World News’ Found Many Patriotic Products Aren’t Actually Made in the USA
Tens of millions flock to the Smithsonian museums
in Washington each year to see Americana —
everything from Abraham Lincoln’s top hat to Archie
But one thing you’ll have a hard time finding is
something American in the gift shop.
Take the miniature sculptures of presidents sold at
the National Museum of American History, located
right on the Mall in the nation’s capital.
From the busts of George Washington to Barack
Obama, they were made in China.
Last month Sen. Bernie Sanders, I-VT, was so
outraged by the situation that he fired off a letter
demanding that the museum sell products made in
“It appears that a museum owned by the people of the
United States, celebrating the history of the United
States, cannot find companies in this country
employing American workers that are able to
manufacture statues of our founding fathers, or our
current president,” Sanders said in a letter to the
“That is pretty pathetic!” he exclaimed. “I was not
aware that the collapse of our manufacturing base
had gone that far.”
But it’s not just the Smithsonian. Walk around the
capital city’s monuments – the great symbols of
America – in search of products made in the USA and
you might be surprised what you find.
The Lincoln Memorial gift shop sells magnets of the
Washington Monument – made in China. A bell –
made in China. A toothpick holder – made in China.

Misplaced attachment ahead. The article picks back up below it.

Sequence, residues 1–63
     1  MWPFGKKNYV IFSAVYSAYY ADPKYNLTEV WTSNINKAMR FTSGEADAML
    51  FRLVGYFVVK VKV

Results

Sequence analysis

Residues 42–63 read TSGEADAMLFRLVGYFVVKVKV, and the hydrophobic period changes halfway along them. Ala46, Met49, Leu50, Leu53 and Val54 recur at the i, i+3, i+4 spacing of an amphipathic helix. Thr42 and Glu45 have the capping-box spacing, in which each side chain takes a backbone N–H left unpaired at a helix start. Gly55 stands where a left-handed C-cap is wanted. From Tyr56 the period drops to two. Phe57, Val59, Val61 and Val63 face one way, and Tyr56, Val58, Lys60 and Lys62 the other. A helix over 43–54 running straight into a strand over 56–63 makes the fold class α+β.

Plates designed in the US – but made in China. And
yes, a Barack Obama coffee mug – made in China.
The Jefferson Memorial gift shop sells actual replicas
of the memorial – made in China. Even American flag
pins – you guessed it – made in China.
You might spend $400 on souvenirs all over town
and not buy a single product made in the USA, not
even a keychain of the Supreme Court gavel.
But those Made-in-the-USA products are out there if
you look, even if they are harder to find.
Why? It all comes down to dollars and sense.
The Lincoln Memorial gift shop sells two hats – one
made in America and one made in China – and the
price difference is drastic. $19.95 for the former, only
$10.95 for the latter.
The Memorial used to sell spoons made in America,
but then the manufacturer decided to move to Mexico.
The Smithsonian, for instance, did find an American
manufacturer of presidential busts, but at nearly
double the price. Faced with that prospect, the
museum chose to stick with the Chinese-made
presidents – and the Elvis bobblehead, too.
After Sanders’ released his letter last month, Brent
Glass, the director of the National Museum of
American History, called ABC News to explain their
stance on the made-in-China products.
“We do whenever possible try to buy from US-made